The judge highlighted that the government authorised public gatherings of up to 10 people in other settings and that as such the blanket ban "is disproportionate to the objective of preserving public health."
The ruling adds that freedom of worship is a fundamental right which "includes among its essential components the right to participate collectively in ceremonies, in particular in places of worships" and that the government's decree "constitutes a serious and manifestly unlawful interference with it".
It called on the government to take measures that are "strictly proportionate to the health risks incurred".
[Thanks to Eric Rassbach via Epidemiclaw for the lead.]

RFRA Defense Rejected In Possession of Firearms Case

Inner City Press reports on a sentencing decision handed down yesterday in a New York federal district court in U.S. v. Cruz. The trial court judge rejected defendant's Religious Freedom Restoration Act defense in his sentencing hearing for illegal possession of a loaded firearm. Defendant's counsel argued that defendant's possession of the firearm was "solely for use in the ceremonial practice of his religion, Palo Mayombe. Firearms hold only symbolic meaning in the ritual practice of the religion and involve no violence or threat of violence." The judge sentenced defendant to 21 months in prison followed by three years of supervised release.

Oregon Trial Court Enjoins Enforcement of State's COVID-19 Orders In Suit By Churches

In Elkhorn Baptist Church v. Brown, (OR Cir. Ct., May 18. 2020), an Oregon state trial court granted a preliminary injunction against further enforcement of the governor's COVID-19 emergency orders in a suit brought by 16 churches and a number of other plaintiffs who complain that the order prevents them from hold ingchurch services.  The court held that under the relevant legislation invoked by the governor, a state of emergency could be declared only for up to 28 days.
[W]hen the Governor utilized the provisions of ORS 433.441 in her executive order, she triggered all the provisions of ORS 433.441 including the time restrictions in ORS 433.441(5). By doing so, the executive order became null and void beyond the maximum 28-day time period allowed by the statute. Moreover, by not complying with ORS 433.441(5) timelines, the Governor’s subsequent Executive Orders 20—05 through 20-25 are also null and void....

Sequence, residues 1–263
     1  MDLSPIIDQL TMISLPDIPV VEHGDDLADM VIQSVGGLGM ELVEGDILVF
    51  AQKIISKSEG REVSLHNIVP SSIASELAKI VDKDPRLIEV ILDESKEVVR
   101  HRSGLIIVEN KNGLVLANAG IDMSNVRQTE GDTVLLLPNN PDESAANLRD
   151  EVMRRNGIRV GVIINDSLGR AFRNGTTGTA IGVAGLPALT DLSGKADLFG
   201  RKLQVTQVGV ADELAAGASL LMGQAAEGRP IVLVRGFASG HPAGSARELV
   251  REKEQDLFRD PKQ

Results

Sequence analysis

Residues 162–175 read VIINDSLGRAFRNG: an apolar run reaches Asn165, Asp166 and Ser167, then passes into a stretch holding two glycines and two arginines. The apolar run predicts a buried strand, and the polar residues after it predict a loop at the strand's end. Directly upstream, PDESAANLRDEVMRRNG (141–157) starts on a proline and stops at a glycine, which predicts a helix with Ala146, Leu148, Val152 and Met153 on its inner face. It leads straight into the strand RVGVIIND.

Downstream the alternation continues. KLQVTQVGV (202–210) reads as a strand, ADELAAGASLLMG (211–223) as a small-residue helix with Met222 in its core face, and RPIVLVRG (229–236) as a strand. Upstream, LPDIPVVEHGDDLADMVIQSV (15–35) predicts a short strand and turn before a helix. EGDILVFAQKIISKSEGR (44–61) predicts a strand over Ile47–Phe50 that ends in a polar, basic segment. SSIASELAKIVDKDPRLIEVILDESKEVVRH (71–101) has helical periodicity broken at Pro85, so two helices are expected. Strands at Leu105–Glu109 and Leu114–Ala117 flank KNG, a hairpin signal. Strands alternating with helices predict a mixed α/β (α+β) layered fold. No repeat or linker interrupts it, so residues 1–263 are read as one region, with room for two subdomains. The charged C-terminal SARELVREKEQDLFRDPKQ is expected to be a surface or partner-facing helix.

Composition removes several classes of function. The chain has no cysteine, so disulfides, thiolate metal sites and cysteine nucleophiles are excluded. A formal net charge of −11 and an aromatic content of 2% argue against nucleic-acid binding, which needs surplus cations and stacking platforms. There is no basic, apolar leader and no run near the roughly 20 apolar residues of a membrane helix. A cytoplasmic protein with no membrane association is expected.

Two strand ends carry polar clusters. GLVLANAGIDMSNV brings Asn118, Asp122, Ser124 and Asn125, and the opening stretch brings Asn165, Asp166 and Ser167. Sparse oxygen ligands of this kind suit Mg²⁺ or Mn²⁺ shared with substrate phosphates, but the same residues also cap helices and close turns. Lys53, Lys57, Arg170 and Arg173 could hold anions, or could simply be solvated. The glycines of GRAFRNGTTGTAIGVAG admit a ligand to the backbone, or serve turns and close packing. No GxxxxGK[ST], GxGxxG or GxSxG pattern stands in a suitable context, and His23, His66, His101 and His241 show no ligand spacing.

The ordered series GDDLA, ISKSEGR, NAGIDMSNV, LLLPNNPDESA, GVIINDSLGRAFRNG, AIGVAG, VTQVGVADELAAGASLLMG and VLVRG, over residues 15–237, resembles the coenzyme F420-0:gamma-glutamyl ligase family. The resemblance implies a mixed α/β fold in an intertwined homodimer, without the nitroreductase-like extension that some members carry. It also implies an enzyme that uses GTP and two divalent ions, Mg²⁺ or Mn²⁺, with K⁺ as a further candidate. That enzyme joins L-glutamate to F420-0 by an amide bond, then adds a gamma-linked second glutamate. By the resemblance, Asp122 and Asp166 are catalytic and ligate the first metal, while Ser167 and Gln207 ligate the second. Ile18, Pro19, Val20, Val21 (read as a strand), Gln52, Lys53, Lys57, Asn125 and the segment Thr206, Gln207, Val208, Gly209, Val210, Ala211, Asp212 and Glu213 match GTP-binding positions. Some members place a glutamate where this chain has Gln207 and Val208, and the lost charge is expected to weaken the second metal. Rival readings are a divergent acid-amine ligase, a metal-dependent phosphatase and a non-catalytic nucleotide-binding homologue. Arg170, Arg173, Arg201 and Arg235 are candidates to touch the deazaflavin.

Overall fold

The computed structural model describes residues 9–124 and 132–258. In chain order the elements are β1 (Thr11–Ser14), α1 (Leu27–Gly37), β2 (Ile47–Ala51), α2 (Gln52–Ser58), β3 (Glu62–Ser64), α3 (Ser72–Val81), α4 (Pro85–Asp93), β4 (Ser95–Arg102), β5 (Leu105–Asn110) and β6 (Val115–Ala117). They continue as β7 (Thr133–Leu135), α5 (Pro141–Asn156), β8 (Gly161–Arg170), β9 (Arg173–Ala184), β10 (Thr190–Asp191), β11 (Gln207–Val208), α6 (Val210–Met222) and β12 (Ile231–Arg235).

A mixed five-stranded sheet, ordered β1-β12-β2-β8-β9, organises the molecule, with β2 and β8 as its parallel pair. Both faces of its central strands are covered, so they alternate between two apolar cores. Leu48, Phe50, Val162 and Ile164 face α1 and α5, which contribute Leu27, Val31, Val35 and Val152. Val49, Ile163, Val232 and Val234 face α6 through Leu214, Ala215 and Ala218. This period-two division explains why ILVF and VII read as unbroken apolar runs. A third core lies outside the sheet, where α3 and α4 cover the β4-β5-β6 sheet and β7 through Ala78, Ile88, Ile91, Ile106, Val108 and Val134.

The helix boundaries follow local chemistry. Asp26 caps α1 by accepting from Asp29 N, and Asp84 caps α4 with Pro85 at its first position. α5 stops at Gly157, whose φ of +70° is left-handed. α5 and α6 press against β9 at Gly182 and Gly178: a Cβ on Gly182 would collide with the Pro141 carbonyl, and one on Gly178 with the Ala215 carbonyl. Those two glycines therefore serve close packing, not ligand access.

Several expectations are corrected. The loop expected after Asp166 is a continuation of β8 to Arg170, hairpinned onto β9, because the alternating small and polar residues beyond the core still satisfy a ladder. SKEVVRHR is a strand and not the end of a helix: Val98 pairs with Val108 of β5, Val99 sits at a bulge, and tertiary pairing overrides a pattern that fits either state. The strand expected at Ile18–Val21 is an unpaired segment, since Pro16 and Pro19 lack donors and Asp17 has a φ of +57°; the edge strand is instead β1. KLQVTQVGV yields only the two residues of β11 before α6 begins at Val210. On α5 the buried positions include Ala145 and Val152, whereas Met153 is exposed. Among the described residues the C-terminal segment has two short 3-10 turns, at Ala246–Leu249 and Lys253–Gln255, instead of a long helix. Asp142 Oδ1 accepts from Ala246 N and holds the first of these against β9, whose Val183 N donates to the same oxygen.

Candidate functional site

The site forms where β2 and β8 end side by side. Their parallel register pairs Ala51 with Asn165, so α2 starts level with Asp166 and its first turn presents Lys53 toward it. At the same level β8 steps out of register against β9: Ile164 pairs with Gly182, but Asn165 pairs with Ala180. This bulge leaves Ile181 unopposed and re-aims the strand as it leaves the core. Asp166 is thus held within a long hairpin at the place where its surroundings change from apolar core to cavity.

The Governor has an enormous responsibility to protect the lives of the citizens of our state balanced against the citizens’ constitutional rights to freedom of religion which includes how he or she chooses to worship. The Governor’s orders are not required for public safety when Plaintiffs can continue to utilize social distancing and safety protocols at larger gatherings involving spiritual worship, just as grocery stores and businesses deemed essential by the Governor have been authorized to do.
Reporting on the decision, The Oregonian says that the governor's office has filed an appeal with the Oregon Supreme Court.

UPDATE: According to a statement on Twitter by Governor Brown, late last night the Oregon Supreme Court reinstated her emergency orders while the state Supreme Court hears arguments in the appeal.

Monday, May 18, 2020

British Government Task Force To Develop Rules For Reopening of Houses of Worship

In Britain last Friday, the Ministry of Housing, Communities and Local Government announced a new interfaith task force to develop a plan for the phased and safe reopening of places of worship. According to the release:
No place of worship will be able to reopen before a final decision by the government and the accompanying change to the legal position in the published regulations. Faith organisations will be able to reopen at a slower pace if they wish.
[Thanks to Law & Religion UK for the lead.]

Recent Articles of Interest

From SSRN:
From SmartCILP:

Sunday, May 17, 2020

Court Strikes Down North Carolina Limits On Worship Services